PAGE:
b Click the icon to the left of the Transmission Control Protocol in the packet

B click the icon to the left of the transmission

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b. Click the + icon to the left of the Transmission Control Protocol in the packet details pane to expand the view of the TCP information. c. Click the + icon to the left of the Flags. Look at the source and destination ports and the flags that are set. Note : You may have to adjust the top and middle windows sizes within Wireshark to display the necessary information.
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Lab - Using Wireshark to Observe the TCP 3-Way Handshake What is the TCP source port number? __________________________ How would you classify the source port? ________________________ What is the TCP destination port number? _______________________ How would you classify the destination port? _____________________ Which flag (or flags) is set? ________________________ What is the relative sequence number set to? ____________________ d. To select the next frame in the three-way handshake, select Goon the Wireshark menu and select Next Packet In Conversation. In this example, this is frame 16. This is the Google web server reply to the initial request to start a session. What are the values of the source and destination ports? ______________________________________ © 2013 Cisco and/or its affiliates. All rights reserved. This document is Cisco Public. Page 5 of 6
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Lab - Using Wireshark to Observe the TCP 3-Way Handshake Which flags are set? ___________________________________________________________________ What are the relative sequence and acknowledgement numbers set to? ____________________________________________________________________________________ e. Finally, examine the third packet of the three-way handshake in the example. Clicking frame 17 in the top window displays the following information in this example: Examine the third and final packet of the handshake. Which flag (or flags) is set? _____________________________________________________________ The relative sequence and acknowledgement numbers are set to 1 as a starting point. The TCP connection is now established, and communication between the source computer and the web server can begin. f. Close the Wireshark program. Reflection 1. There are hundreds of filters available in Wireshark. A large network could have numerous filters and many different types of traffic. Which three filters in the list might be the most useful to a network administrator? © 2013 Cisco and/or its affiliates. All rights reserved. This document is Cisco Public. Page 6 of 6 _______________________________________________________________________________________ 2. What other ways could Wireshark be used in a production network? _______________________________________________________________________________________ _______________________________________________________________________________________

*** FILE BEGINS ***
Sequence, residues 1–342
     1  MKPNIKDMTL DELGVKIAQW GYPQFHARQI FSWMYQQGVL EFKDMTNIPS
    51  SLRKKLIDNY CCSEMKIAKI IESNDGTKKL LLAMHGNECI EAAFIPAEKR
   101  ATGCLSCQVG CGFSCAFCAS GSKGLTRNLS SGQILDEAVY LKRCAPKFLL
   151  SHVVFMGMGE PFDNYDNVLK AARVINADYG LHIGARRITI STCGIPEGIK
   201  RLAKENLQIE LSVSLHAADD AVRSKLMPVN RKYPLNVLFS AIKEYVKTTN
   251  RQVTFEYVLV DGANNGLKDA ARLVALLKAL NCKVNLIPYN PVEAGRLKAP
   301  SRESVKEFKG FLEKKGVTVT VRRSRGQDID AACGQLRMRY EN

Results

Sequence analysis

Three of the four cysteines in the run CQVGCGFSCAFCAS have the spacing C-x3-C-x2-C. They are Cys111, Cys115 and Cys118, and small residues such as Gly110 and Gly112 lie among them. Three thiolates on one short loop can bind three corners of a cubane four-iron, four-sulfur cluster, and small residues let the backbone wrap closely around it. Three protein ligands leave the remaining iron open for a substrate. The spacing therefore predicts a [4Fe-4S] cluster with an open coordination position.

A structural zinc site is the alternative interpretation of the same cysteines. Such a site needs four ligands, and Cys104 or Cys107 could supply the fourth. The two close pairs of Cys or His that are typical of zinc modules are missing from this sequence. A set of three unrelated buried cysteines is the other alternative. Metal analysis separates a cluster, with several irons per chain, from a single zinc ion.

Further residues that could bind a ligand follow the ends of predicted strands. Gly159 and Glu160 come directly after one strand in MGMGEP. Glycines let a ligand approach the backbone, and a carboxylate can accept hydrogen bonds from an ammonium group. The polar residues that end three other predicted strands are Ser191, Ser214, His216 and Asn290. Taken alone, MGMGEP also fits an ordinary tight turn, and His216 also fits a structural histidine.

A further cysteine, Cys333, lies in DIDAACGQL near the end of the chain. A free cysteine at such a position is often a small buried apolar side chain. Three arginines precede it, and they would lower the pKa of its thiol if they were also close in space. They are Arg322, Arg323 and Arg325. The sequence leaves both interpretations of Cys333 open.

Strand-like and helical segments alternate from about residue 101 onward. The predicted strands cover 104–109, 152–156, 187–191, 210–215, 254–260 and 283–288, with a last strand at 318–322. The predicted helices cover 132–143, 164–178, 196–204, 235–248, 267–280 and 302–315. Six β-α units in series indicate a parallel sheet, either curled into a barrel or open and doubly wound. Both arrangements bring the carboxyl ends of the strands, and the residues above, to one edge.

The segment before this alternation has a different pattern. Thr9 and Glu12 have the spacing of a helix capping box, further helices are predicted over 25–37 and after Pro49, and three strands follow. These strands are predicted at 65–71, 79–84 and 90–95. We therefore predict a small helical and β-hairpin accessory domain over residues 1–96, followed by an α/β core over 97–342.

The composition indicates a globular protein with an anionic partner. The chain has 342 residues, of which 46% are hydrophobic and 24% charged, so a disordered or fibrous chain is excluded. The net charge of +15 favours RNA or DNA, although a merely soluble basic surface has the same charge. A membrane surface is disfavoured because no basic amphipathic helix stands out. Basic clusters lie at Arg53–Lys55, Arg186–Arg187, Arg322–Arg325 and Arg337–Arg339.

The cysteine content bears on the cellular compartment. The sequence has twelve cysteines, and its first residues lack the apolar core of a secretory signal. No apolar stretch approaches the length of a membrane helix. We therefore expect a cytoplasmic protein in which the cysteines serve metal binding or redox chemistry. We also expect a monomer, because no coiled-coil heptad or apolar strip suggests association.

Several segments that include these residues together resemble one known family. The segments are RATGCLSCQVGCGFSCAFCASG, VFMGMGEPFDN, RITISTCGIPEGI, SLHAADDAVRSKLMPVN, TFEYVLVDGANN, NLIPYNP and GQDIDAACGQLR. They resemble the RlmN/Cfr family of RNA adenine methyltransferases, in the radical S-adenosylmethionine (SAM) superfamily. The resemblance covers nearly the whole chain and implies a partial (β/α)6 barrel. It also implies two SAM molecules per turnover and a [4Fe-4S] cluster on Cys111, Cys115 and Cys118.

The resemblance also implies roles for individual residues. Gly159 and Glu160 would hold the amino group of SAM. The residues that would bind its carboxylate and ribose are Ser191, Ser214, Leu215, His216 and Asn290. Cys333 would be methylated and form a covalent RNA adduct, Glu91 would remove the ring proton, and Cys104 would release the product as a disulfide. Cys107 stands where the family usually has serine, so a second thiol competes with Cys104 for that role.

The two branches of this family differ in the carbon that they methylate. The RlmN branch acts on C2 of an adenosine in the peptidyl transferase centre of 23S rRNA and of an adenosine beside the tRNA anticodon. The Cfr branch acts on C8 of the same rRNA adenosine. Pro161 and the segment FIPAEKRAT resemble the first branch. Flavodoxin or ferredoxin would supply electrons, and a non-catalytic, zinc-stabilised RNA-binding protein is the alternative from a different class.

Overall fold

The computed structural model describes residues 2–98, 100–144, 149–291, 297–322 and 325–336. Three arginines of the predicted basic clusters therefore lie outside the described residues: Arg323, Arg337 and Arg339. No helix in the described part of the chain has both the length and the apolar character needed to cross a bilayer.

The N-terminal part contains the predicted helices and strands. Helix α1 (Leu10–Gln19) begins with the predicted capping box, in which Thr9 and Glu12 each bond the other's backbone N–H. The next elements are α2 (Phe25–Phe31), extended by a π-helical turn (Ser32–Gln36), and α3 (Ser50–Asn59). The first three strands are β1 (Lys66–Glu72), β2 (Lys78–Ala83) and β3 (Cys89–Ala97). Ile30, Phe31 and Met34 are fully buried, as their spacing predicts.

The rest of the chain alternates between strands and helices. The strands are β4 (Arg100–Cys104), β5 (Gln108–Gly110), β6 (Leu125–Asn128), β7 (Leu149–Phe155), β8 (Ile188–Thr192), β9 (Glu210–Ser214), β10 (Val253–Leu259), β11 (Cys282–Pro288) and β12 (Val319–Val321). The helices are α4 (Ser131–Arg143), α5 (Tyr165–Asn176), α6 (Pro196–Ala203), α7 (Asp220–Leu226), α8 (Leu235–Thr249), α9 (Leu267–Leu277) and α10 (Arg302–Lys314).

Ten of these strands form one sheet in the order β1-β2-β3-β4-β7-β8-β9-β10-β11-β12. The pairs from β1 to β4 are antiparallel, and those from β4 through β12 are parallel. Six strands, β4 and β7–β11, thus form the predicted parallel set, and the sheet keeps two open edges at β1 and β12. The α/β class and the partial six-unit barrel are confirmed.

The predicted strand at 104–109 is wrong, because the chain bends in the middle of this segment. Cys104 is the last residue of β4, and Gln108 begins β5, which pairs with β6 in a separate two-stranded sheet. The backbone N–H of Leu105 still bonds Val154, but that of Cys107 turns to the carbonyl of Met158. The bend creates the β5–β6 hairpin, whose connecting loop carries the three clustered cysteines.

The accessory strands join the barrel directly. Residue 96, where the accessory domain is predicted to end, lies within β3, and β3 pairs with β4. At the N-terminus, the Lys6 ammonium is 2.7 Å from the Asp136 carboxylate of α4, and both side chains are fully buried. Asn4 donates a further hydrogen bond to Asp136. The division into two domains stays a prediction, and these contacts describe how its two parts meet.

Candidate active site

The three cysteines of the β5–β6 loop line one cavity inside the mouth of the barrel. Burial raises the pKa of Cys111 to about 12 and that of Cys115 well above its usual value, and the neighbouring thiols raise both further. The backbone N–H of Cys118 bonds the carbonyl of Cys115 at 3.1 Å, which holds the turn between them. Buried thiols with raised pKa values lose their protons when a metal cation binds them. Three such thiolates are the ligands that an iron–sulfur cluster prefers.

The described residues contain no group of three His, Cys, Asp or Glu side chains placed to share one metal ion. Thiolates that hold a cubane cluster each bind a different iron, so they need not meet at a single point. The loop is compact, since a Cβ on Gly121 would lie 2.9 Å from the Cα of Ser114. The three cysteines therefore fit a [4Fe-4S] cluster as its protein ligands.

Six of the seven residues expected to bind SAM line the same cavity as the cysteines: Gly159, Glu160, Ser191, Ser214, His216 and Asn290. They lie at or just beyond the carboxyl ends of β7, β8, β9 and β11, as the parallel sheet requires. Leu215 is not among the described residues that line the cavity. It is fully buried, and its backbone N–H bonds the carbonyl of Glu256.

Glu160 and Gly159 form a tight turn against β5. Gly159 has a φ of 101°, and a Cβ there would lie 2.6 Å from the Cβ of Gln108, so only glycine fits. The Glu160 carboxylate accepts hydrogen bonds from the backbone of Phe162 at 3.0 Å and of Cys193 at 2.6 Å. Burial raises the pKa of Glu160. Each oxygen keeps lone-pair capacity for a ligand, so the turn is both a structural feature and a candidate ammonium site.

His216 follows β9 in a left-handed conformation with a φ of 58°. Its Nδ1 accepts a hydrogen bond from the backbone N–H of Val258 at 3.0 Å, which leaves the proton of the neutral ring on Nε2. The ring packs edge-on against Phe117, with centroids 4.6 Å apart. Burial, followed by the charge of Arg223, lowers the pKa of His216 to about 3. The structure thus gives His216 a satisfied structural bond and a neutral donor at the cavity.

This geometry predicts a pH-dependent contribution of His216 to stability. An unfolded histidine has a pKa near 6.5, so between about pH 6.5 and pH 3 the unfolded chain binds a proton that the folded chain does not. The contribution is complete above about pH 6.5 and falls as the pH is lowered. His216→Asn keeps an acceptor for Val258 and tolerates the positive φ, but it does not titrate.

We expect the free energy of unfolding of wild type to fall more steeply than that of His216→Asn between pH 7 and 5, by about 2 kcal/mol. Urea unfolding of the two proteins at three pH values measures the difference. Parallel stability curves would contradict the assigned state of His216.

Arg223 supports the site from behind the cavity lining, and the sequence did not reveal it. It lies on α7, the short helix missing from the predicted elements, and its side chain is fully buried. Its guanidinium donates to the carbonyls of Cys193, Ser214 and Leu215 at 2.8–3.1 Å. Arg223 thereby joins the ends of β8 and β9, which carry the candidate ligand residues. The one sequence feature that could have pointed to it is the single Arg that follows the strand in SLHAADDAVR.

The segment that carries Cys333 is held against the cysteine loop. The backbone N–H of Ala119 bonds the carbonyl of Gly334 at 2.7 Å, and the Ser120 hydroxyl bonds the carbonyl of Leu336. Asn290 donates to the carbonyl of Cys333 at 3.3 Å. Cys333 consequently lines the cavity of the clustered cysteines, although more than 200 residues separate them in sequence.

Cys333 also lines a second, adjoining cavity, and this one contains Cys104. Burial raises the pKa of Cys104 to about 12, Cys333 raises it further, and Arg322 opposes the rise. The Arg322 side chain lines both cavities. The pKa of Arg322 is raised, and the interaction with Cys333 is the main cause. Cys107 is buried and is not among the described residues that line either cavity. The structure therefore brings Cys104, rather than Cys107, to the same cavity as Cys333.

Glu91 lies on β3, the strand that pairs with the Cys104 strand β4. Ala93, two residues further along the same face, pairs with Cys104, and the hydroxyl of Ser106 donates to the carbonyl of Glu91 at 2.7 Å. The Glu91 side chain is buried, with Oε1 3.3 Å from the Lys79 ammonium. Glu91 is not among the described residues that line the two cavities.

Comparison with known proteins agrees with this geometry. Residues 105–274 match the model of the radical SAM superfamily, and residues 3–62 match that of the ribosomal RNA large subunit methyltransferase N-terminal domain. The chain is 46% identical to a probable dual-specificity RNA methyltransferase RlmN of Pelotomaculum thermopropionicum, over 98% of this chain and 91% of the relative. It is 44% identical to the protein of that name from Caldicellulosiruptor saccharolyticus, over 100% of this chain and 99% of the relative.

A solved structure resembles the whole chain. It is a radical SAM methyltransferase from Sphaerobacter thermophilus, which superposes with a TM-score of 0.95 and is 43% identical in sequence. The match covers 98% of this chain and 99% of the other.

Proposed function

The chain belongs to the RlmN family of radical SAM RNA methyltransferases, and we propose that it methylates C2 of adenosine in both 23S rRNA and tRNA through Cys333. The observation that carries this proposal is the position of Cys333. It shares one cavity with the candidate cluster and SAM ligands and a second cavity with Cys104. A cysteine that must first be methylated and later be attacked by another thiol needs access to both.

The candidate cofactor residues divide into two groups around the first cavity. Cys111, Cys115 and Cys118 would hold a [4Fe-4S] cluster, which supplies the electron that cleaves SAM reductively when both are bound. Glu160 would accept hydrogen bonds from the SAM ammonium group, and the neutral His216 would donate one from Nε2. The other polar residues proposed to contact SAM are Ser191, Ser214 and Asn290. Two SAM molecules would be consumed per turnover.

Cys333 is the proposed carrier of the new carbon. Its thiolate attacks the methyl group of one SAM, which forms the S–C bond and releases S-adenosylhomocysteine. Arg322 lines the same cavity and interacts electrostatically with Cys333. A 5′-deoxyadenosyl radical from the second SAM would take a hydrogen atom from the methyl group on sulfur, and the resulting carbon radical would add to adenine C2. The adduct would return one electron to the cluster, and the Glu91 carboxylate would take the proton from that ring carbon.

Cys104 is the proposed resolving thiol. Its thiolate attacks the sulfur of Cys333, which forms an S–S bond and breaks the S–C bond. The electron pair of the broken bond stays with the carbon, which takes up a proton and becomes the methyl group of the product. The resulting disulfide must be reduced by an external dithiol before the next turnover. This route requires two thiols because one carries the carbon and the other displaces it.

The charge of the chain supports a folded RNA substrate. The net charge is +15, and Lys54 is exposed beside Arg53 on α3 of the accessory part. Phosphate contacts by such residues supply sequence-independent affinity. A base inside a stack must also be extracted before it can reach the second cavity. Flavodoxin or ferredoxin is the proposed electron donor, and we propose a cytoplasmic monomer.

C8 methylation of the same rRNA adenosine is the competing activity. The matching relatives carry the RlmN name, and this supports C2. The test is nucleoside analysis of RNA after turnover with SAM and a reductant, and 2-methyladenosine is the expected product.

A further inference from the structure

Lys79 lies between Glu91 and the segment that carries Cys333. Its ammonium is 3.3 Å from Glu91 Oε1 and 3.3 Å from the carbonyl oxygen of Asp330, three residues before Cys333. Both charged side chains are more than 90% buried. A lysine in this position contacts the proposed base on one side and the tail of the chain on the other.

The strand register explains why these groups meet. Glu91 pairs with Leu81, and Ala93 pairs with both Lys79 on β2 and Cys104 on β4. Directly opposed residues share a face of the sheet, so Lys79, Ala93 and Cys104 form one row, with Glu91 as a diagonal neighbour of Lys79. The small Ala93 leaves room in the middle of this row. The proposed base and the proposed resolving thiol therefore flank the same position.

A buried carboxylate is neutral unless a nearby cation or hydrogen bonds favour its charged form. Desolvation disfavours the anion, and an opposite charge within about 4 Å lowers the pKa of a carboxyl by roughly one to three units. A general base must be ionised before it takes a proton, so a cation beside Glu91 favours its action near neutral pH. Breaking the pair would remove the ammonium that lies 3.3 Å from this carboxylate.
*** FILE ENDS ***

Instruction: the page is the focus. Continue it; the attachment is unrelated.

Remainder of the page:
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© 2013 Cisco and/or its affiliates. All rights reserved. This document is Cisco Public. Page 1 of 6 Lab - Using Wireshark to Examine a UDP DNS Capture Topology Objectives Part 1: Record a PC’s IP Configuration Information Part 2: Use Wireshark to Capture DNS Queries and Responses Part 3: Analyze Captured DNS or UDP Packets Background / Scenario If you have ever used the Internet, you have used the Domain Name System (DNS). DNS is a distributed network of servers that translates user-friendly domain names like to an IP address. When you type a website URL into your browser, your PC performs a DNS query to the DNS server’s IP address. Your PC’s DNS server query and the DNS server’s response make use of the User Datagram Protocol (UDP) as the transport layer protocol. UDP is connectionless and does not require a session setup as does TCP.
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